German startup 1Komma5°, German for 1.5°, a gesture towards the Paris Climate Accord target, has announced its second acquisition in Australia – Sydney-based company Solaray Energy, which boasts being Australia’s largest installer of Enphase microinverters.
This was clearly a point of attraction for the ambitious startup, which is seeking to gain a marketshare for residential solar in both Europe and Australia, partially by forming deep partnerships with “key” manufacturers. So far, the two companies it has brought major stakes in – Solaray Energy and Natural Solar – have been Australia’s number one installers for Enphase microinverters and Tesla Powerwall batteries respectively.
“We’ve already got two significant players – that’s not by chance,” Chris Williams, the founder of Natural Solar and now the CEO of 1Komma5’s APAC arm, told pv magazine Australia.
While Williams could not reveal details of any further purchases, he said there were “definitely” more acquisitions in the pipeline. He previously told pv magazine the plan was to make six acquisitions in Australia, with the recent press release noting 1Komma5 would spend its $100 million budget in 2023.
BREAKING NEWS: Solaray is proud to announce an exciting step forward in our mission to help reduce emissions and decarbonise Australia.
— solarayenergy (@SolarayEnergy) January 23, 2023
Founders of Solaray Energy, Jonathan Fisk and Pete Thorne, will now have seats as directors in 1Komma5’s global group holding, Williams said. He noted the pair will be “integral” in delivering 1Komma5’s vision of taking a marketshare for residential solar in Australia.
The startup is seeking to realise this through a multi-prong strategy, which in the first part involves acquisitions to expand scale, install coverage and entrepreneurial prowess. Ultimately, the startup is seeking to leverage economies of scale to supercharge its procurement abilities, giving it greater access to products and technologies. It is also seeking better operational efficiencies through elements like centralised logistics and warehousing.
The additional prongs of 1Komma5’s approach include introducing Australia to its “Apple store of energy” concept and its Heartbeat energy management device – both of which are already operating in Europe. In fact, the overall approach effectively replicates an expansion strategy 1Komma5 has already been employing in Europe.
Heartbeat & the ‘Apple store of energy’
1Komma5 will open its first showroom in Sydney around the middle of this year, Q3, Williams said. There, it will showcase, like an Apple store, its range of solar, batteries, heat pumps, EV chargers as well as the Heartbeat platform.
Heartbeat is an internet of things (IoT) energy management device which controls major electrical appliances in the home. In Europe, the platform has saved some customers up to 100% in their electricity costs, according to the company.
Heartbeat will arrive on Australian shores by Q2 this year – though it will be operating somewhat differently here. In Europe, 1Komma5 is also an electricity retailer and uses its Heartbeat device to create a virtual power plant fleet, Williams says.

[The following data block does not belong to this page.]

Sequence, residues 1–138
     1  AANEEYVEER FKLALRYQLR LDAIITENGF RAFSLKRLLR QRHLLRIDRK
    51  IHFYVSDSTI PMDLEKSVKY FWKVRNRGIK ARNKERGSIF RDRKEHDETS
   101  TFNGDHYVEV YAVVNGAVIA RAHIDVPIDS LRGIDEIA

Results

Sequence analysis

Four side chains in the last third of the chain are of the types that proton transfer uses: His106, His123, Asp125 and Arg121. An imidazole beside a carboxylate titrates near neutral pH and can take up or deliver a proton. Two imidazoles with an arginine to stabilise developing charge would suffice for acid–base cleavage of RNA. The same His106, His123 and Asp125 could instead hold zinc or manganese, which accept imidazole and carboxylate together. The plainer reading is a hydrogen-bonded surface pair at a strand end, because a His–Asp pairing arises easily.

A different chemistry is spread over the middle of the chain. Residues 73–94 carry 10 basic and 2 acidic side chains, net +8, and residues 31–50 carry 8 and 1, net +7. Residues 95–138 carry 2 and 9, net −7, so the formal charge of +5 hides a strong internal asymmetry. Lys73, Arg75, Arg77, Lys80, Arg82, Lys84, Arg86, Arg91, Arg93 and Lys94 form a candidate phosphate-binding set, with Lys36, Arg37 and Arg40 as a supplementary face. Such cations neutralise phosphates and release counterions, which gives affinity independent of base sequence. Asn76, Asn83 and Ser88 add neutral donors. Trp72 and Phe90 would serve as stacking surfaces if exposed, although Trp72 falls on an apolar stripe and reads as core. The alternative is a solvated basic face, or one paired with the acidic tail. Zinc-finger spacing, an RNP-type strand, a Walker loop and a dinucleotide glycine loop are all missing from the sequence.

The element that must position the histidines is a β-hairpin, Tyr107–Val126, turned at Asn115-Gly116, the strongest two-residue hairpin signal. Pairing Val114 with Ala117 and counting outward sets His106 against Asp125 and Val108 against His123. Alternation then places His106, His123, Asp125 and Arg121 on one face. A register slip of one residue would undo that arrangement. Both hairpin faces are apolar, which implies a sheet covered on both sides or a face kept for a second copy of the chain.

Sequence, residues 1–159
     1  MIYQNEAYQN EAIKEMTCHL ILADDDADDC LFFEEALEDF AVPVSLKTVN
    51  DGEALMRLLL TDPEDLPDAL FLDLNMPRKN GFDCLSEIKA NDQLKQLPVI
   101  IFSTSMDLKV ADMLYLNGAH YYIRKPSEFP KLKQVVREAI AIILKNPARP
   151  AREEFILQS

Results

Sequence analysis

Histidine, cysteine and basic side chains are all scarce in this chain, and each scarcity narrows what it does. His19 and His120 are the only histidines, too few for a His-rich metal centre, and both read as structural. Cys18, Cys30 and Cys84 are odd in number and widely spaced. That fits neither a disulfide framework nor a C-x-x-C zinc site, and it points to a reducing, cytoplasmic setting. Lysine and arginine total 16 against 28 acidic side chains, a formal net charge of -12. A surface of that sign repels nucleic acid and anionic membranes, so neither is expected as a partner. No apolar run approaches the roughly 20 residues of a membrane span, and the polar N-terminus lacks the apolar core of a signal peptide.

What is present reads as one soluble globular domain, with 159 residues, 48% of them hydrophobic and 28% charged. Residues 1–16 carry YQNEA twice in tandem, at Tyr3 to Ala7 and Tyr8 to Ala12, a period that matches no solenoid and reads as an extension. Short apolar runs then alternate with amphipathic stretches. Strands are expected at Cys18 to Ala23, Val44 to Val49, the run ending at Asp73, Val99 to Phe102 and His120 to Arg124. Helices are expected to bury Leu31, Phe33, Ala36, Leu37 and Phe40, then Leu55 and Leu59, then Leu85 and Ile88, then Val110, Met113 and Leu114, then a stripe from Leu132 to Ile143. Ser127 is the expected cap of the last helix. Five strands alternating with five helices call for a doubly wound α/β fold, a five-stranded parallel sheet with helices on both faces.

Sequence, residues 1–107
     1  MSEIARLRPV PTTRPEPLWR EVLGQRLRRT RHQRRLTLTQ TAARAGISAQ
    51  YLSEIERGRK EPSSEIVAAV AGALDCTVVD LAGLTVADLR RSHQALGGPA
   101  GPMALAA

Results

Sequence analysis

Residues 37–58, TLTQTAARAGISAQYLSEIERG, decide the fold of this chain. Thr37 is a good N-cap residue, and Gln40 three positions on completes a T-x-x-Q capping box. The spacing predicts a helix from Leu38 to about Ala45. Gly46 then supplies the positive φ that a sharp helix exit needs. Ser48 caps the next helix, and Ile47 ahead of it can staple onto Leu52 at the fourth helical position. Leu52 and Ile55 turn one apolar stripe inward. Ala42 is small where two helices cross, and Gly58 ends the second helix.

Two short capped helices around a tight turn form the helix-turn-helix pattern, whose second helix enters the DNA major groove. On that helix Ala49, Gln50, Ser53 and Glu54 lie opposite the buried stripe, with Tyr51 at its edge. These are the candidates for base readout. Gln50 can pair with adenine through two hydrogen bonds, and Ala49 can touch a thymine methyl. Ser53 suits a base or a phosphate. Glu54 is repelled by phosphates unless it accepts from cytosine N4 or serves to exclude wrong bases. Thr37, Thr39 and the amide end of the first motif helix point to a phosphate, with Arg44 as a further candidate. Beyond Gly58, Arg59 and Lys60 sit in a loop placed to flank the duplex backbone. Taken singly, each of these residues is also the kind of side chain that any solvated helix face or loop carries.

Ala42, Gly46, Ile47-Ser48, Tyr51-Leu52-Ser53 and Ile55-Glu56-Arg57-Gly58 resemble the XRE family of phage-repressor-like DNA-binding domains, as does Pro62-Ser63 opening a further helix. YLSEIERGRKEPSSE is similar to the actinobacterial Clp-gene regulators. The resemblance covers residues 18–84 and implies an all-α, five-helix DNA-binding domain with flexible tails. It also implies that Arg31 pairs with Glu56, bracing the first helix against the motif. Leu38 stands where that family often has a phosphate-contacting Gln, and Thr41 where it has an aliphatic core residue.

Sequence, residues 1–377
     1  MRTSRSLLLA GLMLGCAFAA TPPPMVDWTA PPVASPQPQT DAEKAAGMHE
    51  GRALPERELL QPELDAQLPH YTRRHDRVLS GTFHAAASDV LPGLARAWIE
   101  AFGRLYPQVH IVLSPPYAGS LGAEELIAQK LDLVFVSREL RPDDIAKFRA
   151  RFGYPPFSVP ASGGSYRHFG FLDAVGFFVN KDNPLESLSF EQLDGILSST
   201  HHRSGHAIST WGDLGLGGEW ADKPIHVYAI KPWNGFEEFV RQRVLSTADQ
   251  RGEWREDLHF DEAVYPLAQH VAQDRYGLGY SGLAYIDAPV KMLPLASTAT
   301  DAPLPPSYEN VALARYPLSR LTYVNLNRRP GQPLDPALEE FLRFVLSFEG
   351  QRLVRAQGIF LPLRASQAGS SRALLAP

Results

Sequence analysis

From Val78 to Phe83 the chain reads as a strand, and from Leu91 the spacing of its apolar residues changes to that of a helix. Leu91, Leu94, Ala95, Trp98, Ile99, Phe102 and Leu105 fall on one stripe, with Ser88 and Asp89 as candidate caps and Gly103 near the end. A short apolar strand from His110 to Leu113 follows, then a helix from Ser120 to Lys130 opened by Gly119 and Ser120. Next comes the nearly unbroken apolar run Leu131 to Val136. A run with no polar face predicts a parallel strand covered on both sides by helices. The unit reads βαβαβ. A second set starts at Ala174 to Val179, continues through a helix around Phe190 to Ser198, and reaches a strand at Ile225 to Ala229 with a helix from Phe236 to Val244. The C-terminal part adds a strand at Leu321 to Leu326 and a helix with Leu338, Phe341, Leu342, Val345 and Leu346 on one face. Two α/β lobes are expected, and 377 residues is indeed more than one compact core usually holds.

In Australia, the device will primarily be used to control and optimise household appliances’ power use behind the meter, though Williams notes 1Komma5 is currently looking to “strategically partner” with virtual power plant (VPP) operator.
Introducing this VPP load control element to Heartbeat will be vital to bringing down costs for consumers in Australia as it has in Europe.
The company says it will offer its Heartbeat device, valued at $2250, free to its first 1000 Australian solar and battery customers.
Having deep ties with manufacturers is vital to effectively deploying Heartbeat, as the byproduct of these relationships is that it drives better integration. As 1Komma5 notes in its recent media release, the Solaray Energy deal expands the global agreement it already had in place with Enphase – an agreement which has enabled Enphase’s microinverters to integrate “seamlessly” with the Heartbeat home manager.
Williams previously told pv magazine the Heartbeat device is “product agnostic” – but given that integration between brands is one of the biggest complications in creating energy “ecosystems,” strong relationships are vital.
1Komma5 is hoping its sheer scale will give it considerable power when coming to the table with manufacturers and other technology suppliers. While it is still fresh in Australia, 1Komma5 has reached 30,000 installs per annum globally.
Only founded in 2021, 1Komma5 is led by executives with experience running companies like Tesla, Google, sonnen, Porsche, and Klarna. It is headed up by Philipp Schröder, formerly the managing director of Sonnen and Tesla’s country director in Germany. This management team has seen 1Komma5 attract capital funding from the likes of Porsche and other institutional investors.
1Komma5 has so far acquired 25 companies across Europe and operates in over 40 locations. It sees Australia as a key market due to its maturity. Moreover, it is a market Williams previously described as “ripe” for consolidation.
1Komma5 is now trying to execute this consolidation, with Williams saying the two acquisitions have already seen it massively grow its Australian coverage in the four months operating here.
“At the moment, the [1Komma5] group is really offering services and products to probably about 95% of the Australian population across those key regions.” Both long established companies in the Australian market, Natural Solar and Solaray do this via a combination of in-house installers and subcontractors.
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